Thursday, May 13, 2010


We were super excited to open our box yesterday and find ... fiddleheads!

But despite the shouts of glee that accompanied the surprise in this week's box, none of us had ever eaten or prepared fiddleheads before.

To the Internet!

The University of Maine Cooperative Extension factsheet says:
Thoroughly wash fiddleheads in clean, potable water several times until the wash water appears clean. Then bring a small amount of lightly salted water to a boil, add washed fiddleheads, and cook them at a steady boil for 10 minutes. Fiddleheads can also be washed clean and steamed for 20 minutes. Serve at once with melted butter or vinegar.
(Because of some cases of food-borne illness linked to fiddleheads, it's not recommended to eat them raw or lightly cooked.)

A Montreal Gazette article advocates simplicity in serving:
The smaller, and therefore younger, fiddleheads have milder flavour; big ones can be bitter, although it's a pleasant kind of bitterness. The easiest way to serve this food is to sizzle up the cooked fiddleheads in a pan of melted butter just until they are reheated, then drizzle them with lemon juice and sprinkle with salt and freshly ground pepper.
And it describes fiddleheads as "little, deep green curls that taste something like asparagus with -- say flavour specialists -- a dash of green beans and okra." (Another, more rhapsodic, writer describes the taste as "like a fresh, crispy green bean that had married and produced offspring with an asparagus sprout.")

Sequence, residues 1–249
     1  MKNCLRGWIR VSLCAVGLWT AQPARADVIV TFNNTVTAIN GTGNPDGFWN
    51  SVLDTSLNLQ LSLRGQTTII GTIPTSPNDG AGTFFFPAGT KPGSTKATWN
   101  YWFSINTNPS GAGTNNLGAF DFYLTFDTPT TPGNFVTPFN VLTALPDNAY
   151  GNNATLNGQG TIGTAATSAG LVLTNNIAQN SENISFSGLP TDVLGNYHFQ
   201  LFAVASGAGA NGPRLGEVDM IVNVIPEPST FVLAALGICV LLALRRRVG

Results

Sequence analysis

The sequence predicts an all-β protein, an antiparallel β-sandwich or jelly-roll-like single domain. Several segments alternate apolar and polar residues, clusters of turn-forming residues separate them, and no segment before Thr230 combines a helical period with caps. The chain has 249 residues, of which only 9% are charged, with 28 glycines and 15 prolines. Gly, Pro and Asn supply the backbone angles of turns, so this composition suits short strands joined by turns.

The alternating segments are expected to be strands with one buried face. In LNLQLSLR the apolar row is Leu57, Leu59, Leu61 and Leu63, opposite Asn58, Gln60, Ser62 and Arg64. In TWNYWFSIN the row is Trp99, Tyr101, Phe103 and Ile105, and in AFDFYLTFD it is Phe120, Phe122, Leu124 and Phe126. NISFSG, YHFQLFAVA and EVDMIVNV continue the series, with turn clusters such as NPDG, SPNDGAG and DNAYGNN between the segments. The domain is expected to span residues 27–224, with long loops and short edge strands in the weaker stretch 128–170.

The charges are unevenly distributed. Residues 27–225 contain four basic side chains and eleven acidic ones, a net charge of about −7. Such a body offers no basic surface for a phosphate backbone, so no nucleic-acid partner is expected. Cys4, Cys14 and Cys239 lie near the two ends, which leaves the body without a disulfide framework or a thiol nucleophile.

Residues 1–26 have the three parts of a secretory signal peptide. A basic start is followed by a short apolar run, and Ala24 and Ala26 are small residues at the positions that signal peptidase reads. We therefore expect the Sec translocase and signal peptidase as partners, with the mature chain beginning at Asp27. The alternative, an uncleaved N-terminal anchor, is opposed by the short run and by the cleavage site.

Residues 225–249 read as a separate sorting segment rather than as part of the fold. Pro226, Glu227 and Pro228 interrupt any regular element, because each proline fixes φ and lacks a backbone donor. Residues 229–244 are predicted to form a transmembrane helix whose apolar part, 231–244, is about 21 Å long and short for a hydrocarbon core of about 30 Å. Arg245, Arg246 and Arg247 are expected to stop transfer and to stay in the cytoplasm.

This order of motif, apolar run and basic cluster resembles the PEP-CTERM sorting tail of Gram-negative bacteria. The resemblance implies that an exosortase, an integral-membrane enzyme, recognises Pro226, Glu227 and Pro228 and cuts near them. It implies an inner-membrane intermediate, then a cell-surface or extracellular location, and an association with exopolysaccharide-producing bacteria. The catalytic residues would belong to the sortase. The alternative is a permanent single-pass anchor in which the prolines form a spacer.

We took the simplest route, steaming the fiddleheads for 15 minutes, then serving them with melted butter, lemon juice, and salt. And we got the asparagus flavor, but also, perhaps suggested by our ersatz hollandaise, found them reminiscent of artichoke hearts.

For those looking to do something fancier, our old standby, Epicurious, offers a steamed fiddleheads recipe and a "spring vegetable ragout" including fiddleheads, baby peas and carrots, and morels (a bit precious for my taste), as well as a bibimbap with optional (preserved) fiddlehead stems.

The New York Times has a Thai stir-fried fiddlehead recipe today in which the author, in excellent world-weary Manhattanite fashion, revises his opinion of being SO OVER fiddleheads.

NorCliff Farms, a major fiddlehead producer, offers numerous recipes. And our neighbor, Tiny Urban Kitchen, has some recent lovely fiddlehead photos.


  1. I was skeptical of these little guys when I pulled them out of my share. I dumped about half our bag into a Thai rice dish I make as a stand-in for bell peppers (which we don't like). Awesome! I had read that they are good in Asian stir fries, so that's where I'm going with the rest of the bag. I was pleasantly surprised at how good these were!

    Here's to funky vegetables and learning how to use them!

  2. Hear, hear, Kyan! I was advocating for trying the New York Times Thai recipe, but we decided simpler was better for our first time. Glad to hear they go well in Asian dishes, too. (Do you think the ferns used in Asian recipes are different from our Canada/New England variety?)

  3. I have them slated to accompany some miso-marinated chicken in a stir fry tonight. They're so good, I'll actually venture into Whole Foods to see if I can find more. And if you knew how much I hated Whole means them fiddleheads is good! :-)

  4. I made this recipe last night with the farmshare fiddleheads and it was wonderful:

    I boiled the fiddleheads for 10 minutes before sauteing them, and I used 1% milk instead of half and half and it turned out great.